Eating Less Processed Food: What Does It Take To Get There?


It’s hard to follow a diet that doesn’t consist of processed food since supermarket shelves are mostly with canned, pasteurised, or frozen food. However, it’s not impossible if you’re a bit more mindful of what you purchase on a daily basis.

Understanding the harm highly processed foods can do to your health is essential. Not only does processed food lose vital nutrients when altered, but it also contains more sugar, salt, and saturated fat than recommended, putting your health at risk. Not to mention all those preservatives and additives that, although used to preserve taste and extend their shelf life, can transform into carcinogen agents, leading to some forms of cancer. The saying “You’re what you eat” is now more relevant than ever, with so much processed food on the table.

We know it is much easier to buy ready-made or cooked food, especially when getting home after an exhausting day at work. You do not have the energy to cook; you can barely stay at the table and eat something. But if you don’t think about your health, who else would? Learn that it’s not necessary to change your entire lifestyle to eat healthily but take simple and conscious steps toward a more balanced and healthy diet. You can even grow your own fruits and vegetables and use them to prepare delicious meals and smoothies, like in Martha Stewart’s style.

At a loss from where to start? Not a problem. Here are some simple yet sure-fire ways to cut back on processed food.

What is processed food, anyway?

Any food that has been altered through processes such as canning, freezing, drying, or baking is processed. Products of this sort are generally high in fats, salt, and sugar and thus unhealthy. Unlike whole food, which is the closest to the original state, processed food is altered to such an extent that it eventually loses some essential nutrients.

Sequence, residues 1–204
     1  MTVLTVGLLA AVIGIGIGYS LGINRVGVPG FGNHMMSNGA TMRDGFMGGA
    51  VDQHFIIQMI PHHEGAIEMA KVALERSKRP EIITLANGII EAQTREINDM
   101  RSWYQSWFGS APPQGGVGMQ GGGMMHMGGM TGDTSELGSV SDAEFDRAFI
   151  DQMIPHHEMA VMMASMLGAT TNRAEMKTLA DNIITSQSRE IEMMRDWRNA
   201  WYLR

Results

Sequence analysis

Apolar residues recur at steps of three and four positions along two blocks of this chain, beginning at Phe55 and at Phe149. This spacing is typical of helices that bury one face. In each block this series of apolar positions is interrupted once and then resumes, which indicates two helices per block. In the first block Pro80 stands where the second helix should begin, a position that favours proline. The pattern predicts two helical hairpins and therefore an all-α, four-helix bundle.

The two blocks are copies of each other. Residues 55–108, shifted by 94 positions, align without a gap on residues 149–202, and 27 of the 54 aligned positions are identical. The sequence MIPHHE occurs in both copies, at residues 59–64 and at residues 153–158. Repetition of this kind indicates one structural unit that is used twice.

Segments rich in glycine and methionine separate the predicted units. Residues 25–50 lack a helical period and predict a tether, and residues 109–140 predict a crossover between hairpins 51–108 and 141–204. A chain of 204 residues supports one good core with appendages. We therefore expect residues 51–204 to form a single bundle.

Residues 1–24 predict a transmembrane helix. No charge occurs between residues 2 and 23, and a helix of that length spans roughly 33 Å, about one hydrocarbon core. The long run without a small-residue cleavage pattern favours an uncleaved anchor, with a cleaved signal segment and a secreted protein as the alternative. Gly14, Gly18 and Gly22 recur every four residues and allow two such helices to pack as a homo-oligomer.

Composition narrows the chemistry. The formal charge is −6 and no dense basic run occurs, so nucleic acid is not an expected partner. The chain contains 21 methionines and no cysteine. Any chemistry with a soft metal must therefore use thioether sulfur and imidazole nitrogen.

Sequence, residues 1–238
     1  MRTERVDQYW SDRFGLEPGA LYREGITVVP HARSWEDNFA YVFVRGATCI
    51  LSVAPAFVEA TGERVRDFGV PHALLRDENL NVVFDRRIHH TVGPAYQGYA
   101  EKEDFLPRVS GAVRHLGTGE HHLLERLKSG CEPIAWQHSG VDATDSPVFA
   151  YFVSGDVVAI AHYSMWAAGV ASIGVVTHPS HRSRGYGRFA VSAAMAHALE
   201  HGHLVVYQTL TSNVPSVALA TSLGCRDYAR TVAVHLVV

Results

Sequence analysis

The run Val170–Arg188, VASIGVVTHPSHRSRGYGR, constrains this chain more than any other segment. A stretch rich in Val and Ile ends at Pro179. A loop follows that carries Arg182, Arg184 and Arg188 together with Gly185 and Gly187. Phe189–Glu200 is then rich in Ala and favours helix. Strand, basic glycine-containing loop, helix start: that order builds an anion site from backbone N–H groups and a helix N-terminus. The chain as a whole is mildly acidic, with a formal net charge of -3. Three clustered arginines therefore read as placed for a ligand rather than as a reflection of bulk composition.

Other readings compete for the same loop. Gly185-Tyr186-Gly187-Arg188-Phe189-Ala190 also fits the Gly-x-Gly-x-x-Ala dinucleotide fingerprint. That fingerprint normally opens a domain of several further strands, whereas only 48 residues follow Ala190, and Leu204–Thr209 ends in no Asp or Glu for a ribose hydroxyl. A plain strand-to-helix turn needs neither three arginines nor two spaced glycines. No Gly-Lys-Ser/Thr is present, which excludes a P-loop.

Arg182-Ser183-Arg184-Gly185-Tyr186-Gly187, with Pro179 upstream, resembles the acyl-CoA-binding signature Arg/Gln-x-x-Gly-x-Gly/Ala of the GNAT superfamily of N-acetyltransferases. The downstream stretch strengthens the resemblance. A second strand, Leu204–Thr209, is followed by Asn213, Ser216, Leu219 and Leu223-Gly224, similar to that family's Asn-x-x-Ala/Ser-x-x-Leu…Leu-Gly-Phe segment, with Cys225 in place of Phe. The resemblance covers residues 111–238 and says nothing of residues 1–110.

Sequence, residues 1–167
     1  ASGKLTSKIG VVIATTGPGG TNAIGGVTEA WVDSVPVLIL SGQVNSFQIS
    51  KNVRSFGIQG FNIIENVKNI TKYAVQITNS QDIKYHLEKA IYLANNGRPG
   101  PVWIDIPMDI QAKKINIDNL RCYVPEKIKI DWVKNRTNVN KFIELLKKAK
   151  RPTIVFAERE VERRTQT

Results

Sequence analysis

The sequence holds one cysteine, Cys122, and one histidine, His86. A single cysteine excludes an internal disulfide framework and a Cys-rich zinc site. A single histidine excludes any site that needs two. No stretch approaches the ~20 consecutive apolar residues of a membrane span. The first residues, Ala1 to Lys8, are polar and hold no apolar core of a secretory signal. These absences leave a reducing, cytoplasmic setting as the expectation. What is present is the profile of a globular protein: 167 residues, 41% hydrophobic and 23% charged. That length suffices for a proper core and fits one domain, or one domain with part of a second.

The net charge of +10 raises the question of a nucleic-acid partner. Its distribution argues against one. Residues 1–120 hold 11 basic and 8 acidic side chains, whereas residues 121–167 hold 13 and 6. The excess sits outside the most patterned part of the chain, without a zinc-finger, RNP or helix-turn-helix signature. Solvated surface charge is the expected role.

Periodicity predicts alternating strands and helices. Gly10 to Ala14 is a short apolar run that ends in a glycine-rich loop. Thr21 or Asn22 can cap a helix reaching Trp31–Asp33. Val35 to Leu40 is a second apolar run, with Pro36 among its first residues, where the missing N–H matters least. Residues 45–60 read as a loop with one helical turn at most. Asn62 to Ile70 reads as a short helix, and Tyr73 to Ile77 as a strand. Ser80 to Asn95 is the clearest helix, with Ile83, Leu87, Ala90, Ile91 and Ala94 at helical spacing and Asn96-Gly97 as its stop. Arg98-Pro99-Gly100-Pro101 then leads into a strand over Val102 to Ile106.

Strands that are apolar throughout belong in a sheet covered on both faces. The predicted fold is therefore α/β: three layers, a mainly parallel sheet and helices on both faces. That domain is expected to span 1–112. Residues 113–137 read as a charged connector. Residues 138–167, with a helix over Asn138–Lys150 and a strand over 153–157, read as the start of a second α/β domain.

Although there are many processed products to be avoided, we’ll mention the most common ones:

  • luncheon meat
  • margarine
  • granola bars
  • cheesy slices
  • shop-bought cakes
  • microwave popcorn
  • instant noodles
  • microwave ready meals
  • vegan meat alternatives
  • crisps

Don’t forget that beverages can be processed, too, so it would be wise if you cut down on fizzy drinks.

Grow your own food

Home food gardening has increased in popularity lately, with more and more individuals choosing to take the unprocessed route. It’s encouraging news that people have started to be aware of the risks processed food involves and are mindful of their health. There is no better way to cut down unhealthy foods from your diet than growing your own fruits and vegetables. And no, it’s not that hard.

First and foremost, you need to find the right spot and understand your gardening goals. Then, you have to choose your seeds. Some plants don’t grow everywhere, and some require a particular type of soil. So, consider these aspects before jumping to plant something not meant to grow in your garden. And always look for organic seeds if you are serious about this change in your diet. Fortunately, there are many companies that sell bio seeds of great variety, so choosing a proper one shouldn’t be headache-inducing.